What is YOUR young athlete's identity?
By Ker’Shyra Myrick
Identity is important for everyone, especially young athletes.
But how are you viewing your young athlete?
“Are we looking at them with a single form identity?” asks Dr. Samantha O’Connell, former athlete and sports psychologist for the Integrated Center for Child Development (ICCD). “Athletes are more than just runners and basketball players. Sports are not only about winning and losing. We should be thinking about athletes as broader, more layered individuals, and praising them for their accomplishments.”
Parents and coaches are positioned to guide young athletes and help them embrace their athletic identity, which can be beneficial to a child’s success throughout their athletic career.
“We have the ability to build morale from these young, scrappy and resilient behaviors so many young athletes portray,” O’Connell says. “Parents and coaches can control what they say to an athlete. It is important that we see them as a whole individual and support them in good and bad times. What is said to a young athlete can directly impact how they feel about themselves and can affect their ability to be resilient in the face of loss.”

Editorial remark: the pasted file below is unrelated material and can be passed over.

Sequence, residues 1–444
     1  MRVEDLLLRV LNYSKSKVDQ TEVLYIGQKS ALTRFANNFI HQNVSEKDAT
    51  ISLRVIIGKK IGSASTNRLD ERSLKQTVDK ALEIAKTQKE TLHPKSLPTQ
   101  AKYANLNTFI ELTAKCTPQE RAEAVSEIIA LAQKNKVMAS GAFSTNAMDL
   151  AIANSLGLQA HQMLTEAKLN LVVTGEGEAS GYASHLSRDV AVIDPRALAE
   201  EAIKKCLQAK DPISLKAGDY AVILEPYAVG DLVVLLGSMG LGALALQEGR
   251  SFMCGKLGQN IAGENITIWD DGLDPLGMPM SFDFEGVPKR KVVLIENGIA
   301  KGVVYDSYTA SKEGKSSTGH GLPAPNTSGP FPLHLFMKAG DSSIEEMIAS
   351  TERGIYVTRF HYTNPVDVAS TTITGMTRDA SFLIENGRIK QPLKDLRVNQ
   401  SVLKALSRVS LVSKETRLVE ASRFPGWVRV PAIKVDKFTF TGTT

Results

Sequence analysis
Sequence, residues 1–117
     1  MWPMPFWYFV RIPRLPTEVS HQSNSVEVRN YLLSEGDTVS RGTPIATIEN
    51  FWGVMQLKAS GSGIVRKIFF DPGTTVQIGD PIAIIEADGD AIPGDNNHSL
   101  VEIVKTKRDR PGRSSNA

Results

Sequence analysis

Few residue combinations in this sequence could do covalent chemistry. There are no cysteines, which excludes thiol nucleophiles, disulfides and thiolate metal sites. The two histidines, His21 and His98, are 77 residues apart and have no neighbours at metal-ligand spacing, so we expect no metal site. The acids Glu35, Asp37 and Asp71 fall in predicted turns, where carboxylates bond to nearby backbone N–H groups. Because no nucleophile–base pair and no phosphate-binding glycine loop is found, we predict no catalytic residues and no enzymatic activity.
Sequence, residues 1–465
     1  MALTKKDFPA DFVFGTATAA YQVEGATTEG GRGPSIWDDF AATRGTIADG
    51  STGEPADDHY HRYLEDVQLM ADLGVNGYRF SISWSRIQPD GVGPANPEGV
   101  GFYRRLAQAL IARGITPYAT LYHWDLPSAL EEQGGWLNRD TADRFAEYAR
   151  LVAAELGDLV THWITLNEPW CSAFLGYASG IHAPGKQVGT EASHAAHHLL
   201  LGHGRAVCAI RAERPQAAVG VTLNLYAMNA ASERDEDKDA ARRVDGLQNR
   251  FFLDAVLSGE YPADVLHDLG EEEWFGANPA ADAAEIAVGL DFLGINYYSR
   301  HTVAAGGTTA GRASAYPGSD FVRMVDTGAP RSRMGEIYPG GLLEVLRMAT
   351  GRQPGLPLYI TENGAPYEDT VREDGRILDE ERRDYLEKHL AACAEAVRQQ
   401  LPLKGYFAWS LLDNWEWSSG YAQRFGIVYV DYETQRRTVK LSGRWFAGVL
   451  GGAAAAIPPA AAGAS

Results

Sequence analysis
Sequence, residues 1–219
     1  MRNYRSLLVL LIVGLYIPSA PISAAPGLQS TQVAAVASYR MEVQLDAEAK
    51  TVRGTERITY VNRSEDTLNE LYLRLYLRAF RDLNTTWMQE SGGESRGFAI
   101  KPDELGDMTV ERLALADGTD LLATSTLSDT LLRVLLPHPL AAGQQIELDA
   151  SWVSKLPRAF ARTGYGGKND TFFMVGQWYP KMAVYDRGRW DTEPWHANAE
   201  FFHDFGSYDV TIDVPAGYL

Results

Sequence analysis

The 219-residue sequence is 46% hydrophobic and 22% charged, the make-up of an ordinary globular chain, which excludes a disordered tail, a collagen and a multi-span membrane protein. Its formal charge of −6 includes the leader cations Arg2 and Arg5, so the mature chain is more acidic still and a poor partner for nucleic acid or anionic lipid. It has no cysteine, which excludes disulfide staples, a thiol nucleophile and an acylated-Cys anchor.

Here are some additional tips for handling athletic identity:
Help youngsters refocus: Look at small wins that will help your team be successful during a game, and all season. “We can’t control the outcome,” O’Connell says. “But we can control the moment.”
Help athletes improve their skills: Besides focusing on sports skills O’Connell suggests working on things like team nutrition with young athletes.
Work toward specific goals: Dial in on what the team can accomplish together that will make it successful the entire season, O’Connell says.
Dr. Samantha O'Connell
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